Russian banks should be able to pay at least part of dividends in the form of shares, the chief executive of the country's second biggest bank, state-controlled VTB, told a banking forum Wednesday.
"Given quite a difficult situation with banking capital, we are proposing to allow banks to pay at least part of dividends in the form of shares," Andrei Kostin said.
"It will help to resolve two issues in one go: to increase dividend payouts and to boost capitalization."
While banks elsewhere in Europe theoretically could carry out such moves with the consent of shareholders, it would be highly unusual.
Mikhail Sukhov, deputy chairman at Russia's Central Bank, said he supported the idea.
VTB in May raised 102.5 billion rubles ($3.2 billion) via a new share issue, which diluted the state's stake to 60.9 percent from 75.5 percent, helping the bank to boost its Tier 1 capital adequacy ratio to 11.9 percent from 10.3 percent at Dec. 31.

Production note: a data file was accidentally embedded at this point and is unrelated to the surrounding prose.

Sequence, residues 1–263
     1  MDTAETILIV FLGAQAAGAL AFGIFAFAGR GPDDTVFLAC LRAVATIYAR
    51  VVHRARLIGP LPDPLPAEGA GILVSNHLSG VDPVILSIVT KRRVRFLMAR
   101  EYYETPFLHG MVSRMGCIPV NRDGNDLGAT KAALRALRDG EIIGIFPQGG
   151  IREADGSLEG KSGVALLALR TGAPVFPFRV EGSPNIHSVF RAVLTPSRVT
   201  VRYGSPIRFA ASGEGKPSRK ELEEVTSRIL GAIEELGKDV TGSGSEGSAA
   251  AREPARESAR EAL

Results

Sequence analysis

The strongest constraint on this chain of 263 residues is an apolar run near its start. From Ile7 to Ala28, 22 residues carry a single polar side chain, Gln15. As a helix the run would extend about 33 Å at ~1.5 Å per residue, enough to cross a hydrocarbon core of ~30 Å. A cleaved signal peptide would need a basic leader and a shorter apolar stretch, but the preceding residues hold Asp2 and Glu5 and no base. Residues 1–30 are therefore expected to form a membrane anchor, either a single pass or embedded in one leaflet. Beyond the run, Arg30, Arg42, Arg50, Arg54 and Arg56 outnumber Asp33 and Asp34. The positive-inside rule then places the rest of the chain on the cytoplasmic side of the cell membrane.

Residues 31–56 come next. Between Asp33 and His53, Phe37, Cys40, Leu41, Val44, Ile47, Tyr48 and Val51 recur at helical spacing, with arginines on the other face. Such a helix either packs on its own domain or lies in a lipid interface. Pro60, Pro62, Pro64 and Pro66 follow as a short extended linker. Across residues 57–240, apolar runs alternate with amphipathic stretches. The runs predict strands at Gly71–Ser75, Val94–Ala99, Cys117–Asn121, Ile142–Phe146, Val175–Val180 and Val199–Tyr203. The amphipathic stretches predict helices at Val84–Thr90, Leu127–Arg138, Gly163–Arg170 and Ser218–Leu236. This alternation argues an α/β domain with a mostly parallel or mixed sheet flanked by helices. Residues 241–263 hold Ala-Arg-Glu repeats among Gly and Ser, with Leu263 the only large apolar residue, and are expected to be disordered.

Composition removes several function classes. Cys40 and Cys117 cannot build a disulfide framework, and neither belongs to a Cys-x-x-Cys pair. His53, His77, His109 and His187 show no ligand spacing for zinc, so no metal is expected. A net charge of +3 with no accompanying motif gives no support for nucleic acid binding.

The bank offered shares at 4.1 kopecks, or 0.6 times the bank's book value, down from the level of share offerings in 2007 and 2011, where the price was set at 13.6 kopecks and 9.15 kopecks respectively.
Kostin, who has overseen the three equity deals, did not specify which shares the bank might use for dividend payouts.
Last year, VTB bought back some of the shares held by minority shareholders at the 2007 IPO price, after then-prime minister Vladimir Putin ordered the bank to reimburse those who lost money from a fall in VTB's share price.
The bank spent 11.4 billion rubles buying back minority shareholders, some of whom were elderly people, ahead of 2012 presidential elections that Putin won.
VTB plans to pay out 15 billion rubles in 2012 dividends, or 16.5 percent of last year's net profit of 90.6 billion rubles.